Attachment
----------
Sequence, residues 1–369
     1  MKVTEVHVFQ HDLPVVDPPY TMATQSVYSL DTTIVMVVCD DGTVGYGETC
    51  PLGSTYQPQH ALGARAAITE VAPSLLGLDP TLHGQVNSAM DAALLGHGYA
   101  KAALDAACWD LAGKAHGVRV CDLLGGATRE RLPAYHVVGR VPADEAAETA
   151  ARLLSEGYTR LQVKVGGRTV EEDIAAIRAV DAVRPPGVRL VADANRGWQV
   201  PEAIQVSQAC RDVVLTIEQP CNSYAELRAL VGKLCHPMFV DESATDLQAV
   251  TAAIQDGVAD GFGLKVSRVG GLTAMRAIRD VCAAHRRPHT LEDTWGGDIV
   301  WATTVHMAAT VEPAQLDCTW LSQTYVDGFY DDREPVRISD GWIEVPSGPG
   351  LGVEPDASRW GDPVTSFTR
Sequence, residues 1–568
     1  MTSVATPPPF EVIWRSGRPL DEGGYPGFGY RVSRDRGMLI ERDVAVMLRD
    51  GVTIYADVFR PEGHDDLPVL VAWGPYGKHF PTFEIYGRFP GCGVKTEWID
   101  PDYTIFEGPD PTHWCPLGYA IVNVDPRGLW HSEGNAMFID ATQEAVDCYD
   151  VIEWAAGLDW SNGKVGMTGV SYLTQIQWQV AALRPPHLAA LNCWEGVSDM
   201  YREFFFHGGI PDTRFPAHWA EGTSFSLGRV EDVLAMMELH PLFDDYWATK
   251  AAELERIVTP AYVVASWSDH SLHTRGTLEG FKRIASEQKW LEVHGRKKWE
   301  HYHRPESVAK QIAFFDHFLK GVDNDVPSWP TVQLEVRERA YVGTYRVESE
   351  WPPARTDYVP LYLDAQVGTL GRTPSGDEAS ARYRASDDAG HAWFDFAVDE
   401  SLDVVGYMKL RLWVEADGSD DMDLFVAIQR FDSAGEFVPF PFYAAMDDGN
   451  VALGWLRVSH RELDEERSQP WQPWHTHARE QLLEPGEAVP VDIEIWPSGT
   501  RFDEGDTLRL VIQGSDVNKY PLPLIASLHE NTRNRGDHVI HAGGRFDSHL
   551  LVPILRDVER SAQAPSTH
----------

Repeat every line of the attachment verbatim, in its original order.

Sequence, residues 1–369
     1  MKVTEVHVFQ HDLPVVDPPY TMATQSVYSL DTTIVMVVCD DGTVGYGETC
    51  PLGSTYQPQH ALGARAAITE VAPSLLGLDP TLHGQVNSAM DAALLGHGYA
   101  KAALDAACWD LAGKAHGVRV CDLLGGATRE RLPAYHVVGR VPADEAAETA
   151  ARLLSEGYTR LQVKVGGRTV EEDIAAIRAV DAVRPPGVRL VADANRGWQV
   201  PEAIQVSQAC RDVVLTIEQP CNSYAELRAL VGKLCHPMFV DESATDLQAV
   251  TAAIQDGVAD GFGLKVSRVG GLTAMRAIRD VCAAHRRPHT LEDTWGGDIV
   301  WATTVHMAAT VEPAQLDCTW LSQTYVDGFY DDREPVRISD GWIEVPSGPG
   351  LGVEPDASRW GDPVTSFTR
Sequence, residues 1–568
     1  MTSVATPPPF EVIWRSGRPL DEGGYPGFGY RVSRDRGMLI ERDVAVMLRD
    51  GVTIYADVFR PEGHDDLPVL VAWGPYGKHF PTFEIYGRFP GCGVKTEWID
   101  PDYTIFEGPD PTHWCPLGYA IVNVDPRGLW HSEGNAMFID ATQEAVDCYD
   151  VIEWAAGLDW SNGKVGMTGV SYLTQIQWQV AALRPPHLAA LNCWEGVSDM
   201  YREFFFHGGI PDTRFPAHWA EGTSFSLGRV EDVLAMMELH PLFDDYWATK
   251  AAELERIVTP AYVVASWSDH SLHTRGTLEG FKRIASEQKW LEVHGRKKWE
   301  HYHRPESVAK QIAFFDHFLK GVDNDVPSWP TVQLEVRERA YVGTYRVESE
   351  WPPARTDYVP LYLDAQVGTL GRTPSGDEAS ARYRASDDAG HAWFDFAVDE
   401  SLDVVGYMKL RLWVEADGSD DMDLFVAIQR FDSAGEFVPF PFYAAMDDGN
   451  VALGWLRVSH RELDEERSQP WQPWHTHARE QLLEPGEAVP VDIEIWPSGT
   501  RFDEGDTLRL VIQGSDVNKY PLPLIASLHE NTRNRGDHVI HAGGRFDSHL
   551  LVPILRDVER SAQAPSTH